Sunday, March 09, 2008



The Times of London has an amusing little story this week on the respective Amazon bestsellers in different countries:
The British prefer celebrity chefs, TV presenters and trivia, with a light sprinkling of literary fiction.... There are only three novels in the list, the fewest of any country... There are seven works of fiction in’s Top Ten, most of them spectacularly French-sounding novels. They include: L’élégance du hérisson, about a suicidal girl and her apartment building’s philosophy-loving caretaker; Chagrin d’école, about a miserable student; and Un secret, set in the aftermath of the Nazi occupation and is the story of a sickly boy who invents an imaginary brother only to find out that such a brother did exist....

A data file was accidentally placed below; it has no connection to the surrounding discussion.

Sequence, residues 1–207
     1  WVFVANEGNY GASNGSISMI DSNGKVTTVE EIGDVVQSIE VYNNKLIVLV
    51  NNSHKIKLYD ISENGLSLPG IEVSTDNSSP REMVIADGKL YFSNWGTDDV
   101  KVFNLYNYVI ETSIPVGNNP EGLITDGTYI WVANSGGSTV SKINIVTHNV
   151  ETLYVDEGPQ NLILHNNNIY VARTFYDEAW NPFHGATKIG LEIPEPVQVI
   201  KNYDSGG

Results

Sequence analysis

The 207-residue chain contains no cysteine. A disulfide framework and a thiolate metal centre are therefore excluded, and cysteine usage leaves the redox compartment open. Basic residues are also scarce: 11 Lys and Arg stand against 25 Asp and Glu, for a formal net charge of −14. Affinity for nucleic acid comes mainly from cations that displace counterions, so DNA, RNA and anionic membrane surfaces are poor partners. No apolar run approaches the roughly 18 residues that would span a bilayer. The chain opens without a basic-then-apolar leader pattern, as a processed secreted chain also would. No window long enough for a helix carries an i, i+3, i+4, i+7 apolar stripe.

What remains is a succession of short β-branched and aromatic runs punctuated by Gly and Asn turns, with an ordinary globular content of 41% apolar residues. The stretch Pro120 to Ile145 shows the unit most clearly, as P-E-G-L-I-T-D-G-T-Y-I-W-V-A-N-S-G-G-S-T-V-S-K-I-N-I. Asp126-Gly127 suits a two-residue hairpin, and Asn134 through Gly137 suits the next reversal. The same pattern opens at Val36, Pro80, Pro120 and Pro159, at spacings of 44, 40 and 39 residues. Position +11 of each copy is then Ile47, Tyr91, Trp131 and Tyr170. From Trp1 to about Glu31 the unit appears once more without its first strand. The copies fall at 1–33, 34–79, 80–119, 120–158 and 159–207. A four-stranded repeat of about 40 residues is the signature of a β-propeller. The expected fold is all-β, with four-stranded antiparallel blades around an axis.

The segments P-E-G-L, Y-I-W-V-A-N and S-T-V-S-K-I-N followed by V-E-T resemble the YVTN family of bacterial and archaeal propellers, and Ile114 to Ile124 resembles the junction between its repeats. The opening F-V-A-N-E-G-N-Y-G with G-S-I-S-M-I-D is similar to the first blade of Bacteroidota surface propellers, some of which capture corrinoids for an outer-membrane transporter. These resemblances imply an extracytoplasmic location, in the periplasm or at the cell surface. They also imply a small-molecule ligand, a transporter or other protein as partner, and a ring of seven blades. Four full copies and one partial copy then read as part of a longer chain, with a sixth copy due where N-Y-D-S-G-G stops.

The American list is dominated by self-improvement . . . [while] Germans like books about travel and the outdoors.... Where the Germans really excel though is in the search for the driest bestseller. Bürgerliches Gesetzbuch, in eighth place, is the country’s civil code.

The Japanese list is all over the place, with books on health and beauty, a comedian's memoir, a book on viruses, the Tokyo Michelin guide, and -- of course -- three manga titles.

The best line of the piece, though, comes from the reader responses. The rather unfortunate headline "We Are, Literally, Stereotypical" brings this priceless comment: We aren't *literally* stereotypical or else we would look like printing blocks.

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